We found the visit interesting and worthwhile as a short diversion off our main route. However, the inability to talk to anyone living in the village (“Moravian” or otherwise - how many villagers are isn't clear) or to visit the Church were major downsides. The Moravians never became significant in UK (Even at the end of 18th C there were only around 5000 members in UK and in 2016 there were c1200 across 30 congregations of which Gracehill is one) and the presence of this village on the List would say little about the country - other than to indicate the degree of religious tolerance which was available there by the mid 18th C (at least to non conformist groups - The Moravian church was “recognized” by Act of Parliament in 1749).
The biggest role played by Moravians in UK religious and social history was to have influenced John Wesley, the founder of Methodism. He had initial contact with them during a trip to the American colonies in 1735, had his “conversion experience” in a Moravian meeting in London in 1738 and subsequently visited Hernhutt (More here ). For a range of reasons Non-Conformism in the UK was to take its own path with Wesley’s “Methodism” growing out of the Church of England and becoming the major such denomination. The individual most responsible for the creation of Gracehill was an English evangelist John Cennick (1718-55) who, at one time, was a close associate of Wesley. The Moravian congregation set up by him in Ballymena acquired land from the local Lord in 1759 and the church had been built by 1765. As far as I can discover the congregations were all local people and the fact that their religion was identified as “Moravian” should not be taken to imply any influx from Europe to populate the village.
I note that the nomination seems likely to emphasize the positive aspect of “Tolerance” as demonstrated by the Moravians - especially given the location in Northern Ireland, “infamous” for its cultural divide and intolerance (even if such a reputation is not always justified). “The Irish perspective gives the Moravian Settlement here unique historical, cultural, social, educational and religious features. For example, as far back as 1798 Gracehill was seen as “a place of refuge” for all sides during the United Irishmen’s Rebellion.” (commemorated by an obelisk in the village square.). I did note that one of the most recent (male) gravestones had an inscription stating “For ever Scottish” and would have liked to explore further the extent to which the Moravians of Gracehill are very much a part of the Ulster Scottish tradition which is more normally associated with Presbyterianism. I am not an expert in these sectarian nuances but Moravians and Presbyterians are certainly closely linked. In USA they have a formal relationship and in UK have discussed creating a “full communion”. I quote from Wiki – “Count Zinzendorf's ideal was a fellowship of all Christians, regardless of denominational names, and the Moravian Brethren sought in the Diaspora not to convert people to the Moravian Church but to awaken the hearts of believers and make them better members of the churches to which they already belonged”.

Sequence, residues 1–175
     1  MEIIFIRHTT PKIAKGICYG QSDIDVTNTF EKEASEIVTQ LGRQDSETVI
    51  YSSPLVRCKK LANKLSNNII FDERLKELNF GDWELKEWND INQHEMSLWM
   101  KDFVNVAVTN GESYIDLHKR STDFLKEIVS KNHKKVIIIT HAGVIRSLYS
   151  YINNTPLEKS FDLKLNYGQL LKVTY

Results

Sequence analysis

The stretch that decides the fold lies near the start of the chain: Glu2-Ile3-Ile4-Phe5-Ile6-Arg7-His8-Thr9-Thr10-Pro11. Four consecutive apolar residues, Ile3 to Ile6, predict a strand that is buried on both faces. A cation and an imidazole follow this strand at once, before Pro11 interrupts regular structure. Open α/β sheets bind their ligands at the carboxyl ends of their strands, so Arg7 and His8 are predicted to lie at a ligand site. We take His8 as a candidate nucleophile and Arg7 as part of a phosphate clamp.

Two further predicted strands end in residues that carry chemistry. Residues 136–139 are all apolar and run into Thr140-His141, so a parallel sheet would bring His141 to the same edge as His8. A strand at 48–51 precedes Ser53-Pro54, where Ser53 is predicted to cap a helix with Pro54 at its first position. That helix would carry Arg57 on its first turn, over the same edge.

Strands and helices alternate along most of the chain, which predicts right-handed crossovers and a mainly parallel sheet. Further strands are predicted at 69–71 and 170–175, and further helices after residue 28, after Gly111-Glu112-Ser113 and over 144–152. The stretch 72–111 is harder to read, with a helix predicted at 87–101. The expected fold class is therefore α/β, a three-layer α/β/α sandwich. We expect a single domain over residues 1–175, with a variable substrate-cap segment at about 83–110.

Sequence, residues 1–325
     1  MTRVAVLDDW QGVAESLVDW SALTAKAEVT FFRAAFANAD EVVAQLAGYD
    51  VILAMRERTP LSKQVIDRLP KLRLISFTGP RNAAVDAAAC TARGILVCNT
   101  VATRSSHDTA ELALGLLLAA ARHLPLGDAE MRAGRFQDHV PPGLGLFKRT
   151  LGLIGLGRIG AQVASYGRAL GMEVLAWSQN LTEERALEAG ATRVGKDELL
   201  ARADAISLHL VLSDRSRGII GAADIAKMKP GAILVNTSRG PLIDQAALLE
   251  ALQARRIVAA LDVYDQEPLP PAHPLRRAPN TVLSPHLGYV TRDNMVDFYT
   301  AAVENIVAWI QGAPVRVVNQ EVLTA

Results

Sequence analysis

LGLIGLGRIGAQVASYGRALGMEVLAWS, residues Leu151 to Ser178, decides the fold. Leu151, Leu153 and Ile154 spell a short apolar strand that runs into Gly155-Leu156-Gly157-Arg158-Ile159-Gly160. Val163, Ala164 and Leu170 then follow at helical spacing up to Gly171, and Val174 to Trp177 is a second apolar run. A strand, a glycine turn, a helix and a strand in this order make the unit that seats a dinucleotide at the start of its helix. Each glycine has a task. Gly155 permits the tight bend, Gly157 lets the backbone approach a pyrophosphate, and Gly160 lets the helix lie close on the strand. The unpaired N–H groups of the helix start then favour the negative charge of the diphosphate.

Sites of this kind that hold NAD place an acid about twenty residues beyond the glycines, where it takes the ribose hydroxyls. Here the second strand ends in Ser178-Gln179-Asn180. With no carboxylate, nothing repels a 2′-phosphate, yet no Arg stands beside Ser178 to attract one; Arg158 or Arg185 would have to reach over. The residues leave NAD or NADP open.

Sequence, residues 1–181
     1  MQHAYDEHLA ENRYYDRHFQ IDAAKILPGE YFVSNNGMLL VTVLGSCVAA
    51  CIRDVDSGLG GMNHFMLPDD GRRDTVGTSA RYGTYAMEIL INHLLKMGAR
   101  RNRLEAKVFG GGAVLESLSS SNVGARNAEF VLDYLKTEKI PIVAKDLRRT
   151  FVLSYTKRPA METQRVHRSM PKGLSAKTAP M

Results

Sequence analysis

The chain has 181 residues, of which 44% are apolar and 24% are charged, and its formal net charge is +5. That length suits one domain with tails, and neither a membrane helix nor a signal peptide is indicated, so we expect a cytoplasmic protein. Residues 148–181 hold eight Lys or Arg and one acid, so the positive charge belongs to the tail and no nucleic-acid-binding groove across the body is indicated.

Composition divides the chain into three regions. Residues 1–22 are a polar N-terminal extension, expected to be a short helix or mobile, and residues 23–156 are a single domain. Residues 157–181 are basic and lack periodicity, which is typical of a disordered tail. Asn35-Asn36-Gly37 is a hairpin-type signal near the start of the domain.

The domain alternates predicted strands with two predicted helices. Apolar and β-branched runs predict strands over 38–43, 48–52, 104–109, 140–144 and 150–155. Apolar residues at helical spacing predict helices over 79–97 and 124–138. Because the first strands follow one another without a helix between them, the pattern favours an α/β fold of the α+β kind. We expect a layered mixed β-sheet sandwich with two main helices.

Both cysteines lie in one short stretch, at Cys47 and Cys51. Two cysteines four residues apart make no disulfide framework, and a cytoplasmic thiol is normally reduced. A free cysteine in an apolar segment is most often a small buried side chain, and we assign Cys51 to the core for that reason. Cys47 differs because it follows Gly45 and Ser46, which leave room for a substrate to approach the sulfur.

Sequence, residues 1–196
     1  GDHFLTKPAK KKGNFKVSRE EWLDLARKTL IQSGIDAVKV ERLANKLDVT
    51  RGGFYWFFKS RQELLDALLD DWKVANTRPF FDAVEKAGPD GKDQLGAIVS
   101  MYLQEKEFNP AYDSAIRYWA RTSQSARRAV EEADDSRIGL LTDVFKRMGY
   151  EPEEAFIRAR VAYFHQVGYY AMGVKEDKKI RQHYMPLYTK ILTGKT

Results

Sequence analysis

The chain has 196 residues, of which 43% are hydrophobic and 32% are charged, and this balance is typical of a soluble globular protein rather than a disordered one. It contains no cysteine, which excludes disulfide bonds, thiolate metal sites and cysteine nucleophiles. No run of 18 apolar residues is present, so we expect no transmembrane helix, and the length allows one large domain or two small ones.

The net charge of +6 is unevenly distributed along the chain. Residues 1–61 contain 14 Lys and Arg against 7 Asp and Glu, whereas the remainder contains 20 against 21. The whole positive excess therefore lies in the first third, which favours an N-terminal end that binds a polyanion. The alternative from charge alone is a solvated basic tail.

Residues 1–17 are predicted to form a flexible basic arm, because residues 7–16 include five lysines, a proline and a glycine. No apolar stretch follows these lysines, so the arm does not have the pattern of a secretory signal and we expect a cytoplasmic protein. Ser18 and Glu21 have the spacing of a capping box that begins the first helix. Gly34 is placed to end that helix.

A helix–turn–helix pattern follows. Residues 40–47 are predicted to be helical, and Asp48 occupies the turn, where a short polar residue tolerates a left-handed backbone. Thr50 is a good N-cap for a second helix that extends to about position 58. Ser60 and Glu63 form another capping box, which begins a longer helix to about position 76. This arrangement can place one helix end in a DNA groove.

When Cristiansfeld was inscribed as a single Moravian Settlement in 2015 ICOMOS wasn’t very happy that it had gone ahead alone and the UNESCO recommendation was for there to be a transnational extension. The Christiansfeld Nomination file compared 27 Moravian settlements around the world for ability to meet UNESCO requirements. Gracehill came 6th – behind Christiansfeld, but significantly ahead of the other "T Listed" extension sites at Herrnhut and Bethlehem. The points assigned in the the original evaluation were as follows “Christiansfeld scores highest….receiving all 160 points. It is followed by Gnadau with 135; Ebersdorf and Lititz with 130; Königsfeld and Salem with 125; and Grace Hill with 120p”. The assessment for the latter was “Grace hill has been exceptionally well protected, yet the settlement lacks its original Common House/Gemeinlogis and original Sisters’ House”. All 3 locations are now on their respective countries’ T Lists (in what would appear to have been a coordinated action) and I would presume that inscription will be reasonably automatic. However, despite this activity, the Grace Hill Web site section on World Heritage gives no indication of a possible nomination date.
Quite why the other sites which were rated more highly than Gracehill have been excluded or are currently unable/unwilling to progress isn’t clear – though the original ICOMOS evaluation pointed out that a serial transnational site could legitimately be “populated” over “several Nomination cycles” so there may yet be further nominations for historic sites in countries such as Tanzania (most of the World's c1 million Moravians live in E Africa), Nicaragua/Honduras (Miskito peoples are significant adherents) and beyond!! Since one of the “special” attributes of the Church has been its Worldwide “mission” it would seem more appropriate to look further afield rather than just adding more and more “similar” European/US sites. This selection of photos from a Web search for "Moravian Missions" shows that there is plenty to go at around the World if the desire to move beyond Europe/USA were present!
2022 Added to Tentative List